The Supreme Court is about to take up the (6/02) decision by the good old 9th Circuit Court of Appeals that a person with a history of drug abuse but who has now recovered cannot be discriminated against on that basis (IOW, even though other recoveries from past transgressions can be used against him) because he qualifies under the ADA. I’m not sure if it can be blamed on the evil 9th circuit though - they quote (page 10) from a EEOC manual that seems to say the same. (I’m not sure to what extent federal courts are bound by executive branch regulations - perhaps they just like to be guided by them absent compelling reason otherwise - perhaps a lawyer can shed some light here).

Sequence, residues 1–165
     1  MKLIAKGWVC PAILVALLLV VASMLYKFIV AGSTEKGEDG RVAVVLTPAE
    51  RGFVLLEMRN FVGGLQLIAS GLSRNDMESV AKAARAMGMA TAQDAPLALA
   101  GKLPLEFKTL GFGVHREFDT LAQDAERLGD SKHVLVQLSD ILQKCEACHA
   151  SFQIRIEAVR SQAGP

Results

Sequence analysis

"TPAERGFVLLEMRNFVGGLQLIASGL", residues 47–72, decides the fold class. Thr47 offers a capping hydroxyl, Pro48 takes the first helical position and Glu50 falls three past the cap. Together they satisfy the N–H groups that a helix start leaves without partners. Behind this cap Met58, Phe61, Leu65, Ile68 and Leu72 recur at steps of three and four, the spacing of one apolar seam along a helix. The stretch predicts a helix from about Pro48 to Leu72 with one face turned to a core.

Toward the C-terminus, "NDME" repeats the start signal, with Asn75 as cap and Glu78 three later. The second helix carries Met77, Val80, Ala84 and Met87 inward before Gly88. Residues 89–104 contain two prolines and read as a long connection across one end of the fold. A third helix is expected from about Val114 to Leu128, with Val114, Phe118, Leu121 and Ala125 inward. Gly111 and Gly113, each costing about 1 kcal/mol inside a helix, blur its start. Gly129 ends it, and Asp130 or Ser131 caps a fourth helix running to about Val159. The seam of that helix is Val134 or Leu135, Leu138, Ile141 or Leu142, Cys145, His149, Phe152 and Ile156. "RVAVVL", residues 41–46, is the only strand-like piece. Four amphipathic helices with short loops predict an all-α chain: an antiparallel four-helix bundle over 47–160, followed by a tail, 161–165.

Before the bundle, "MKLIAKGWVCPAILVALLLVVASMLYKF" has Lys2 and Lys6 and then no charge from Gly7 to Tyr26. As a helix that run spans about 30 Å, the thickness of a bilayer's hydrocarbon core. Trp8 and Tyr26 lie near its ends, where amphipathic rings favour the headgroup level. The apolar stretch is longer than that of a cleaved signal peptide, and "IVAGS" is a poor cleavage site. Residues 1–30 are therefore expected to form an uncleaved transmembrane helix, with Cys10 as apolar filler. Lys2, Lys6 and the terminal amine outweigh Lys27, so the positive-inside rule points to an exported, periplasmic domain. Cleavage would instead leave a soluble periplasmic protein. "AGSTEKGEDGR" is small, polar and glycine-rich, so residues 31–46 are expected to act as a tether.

The EEOC does note that current drug use is not protected - I would guess that is not considered a reasonable accommodation, while previous drug use is.
But I object to considering drug use a disability. I am aware that from a technical standpoint you can justify calling it that - what with genetic susceptibility (at least in the parallel case of alcohol) and brain changes etc. But the same applies to anything. I don’t see how you would define a recovered drug addict as disabled and a recovered homicidal maniac as not disabled. I tend to think of disabilities as being…well…not abled. IOW something that is beyond the control of a person, not something that they have a harder time controlling than the next guy. And I would bet that most of the people who support ADA and most of the legislators who voted for it thought of disabilities in the same way.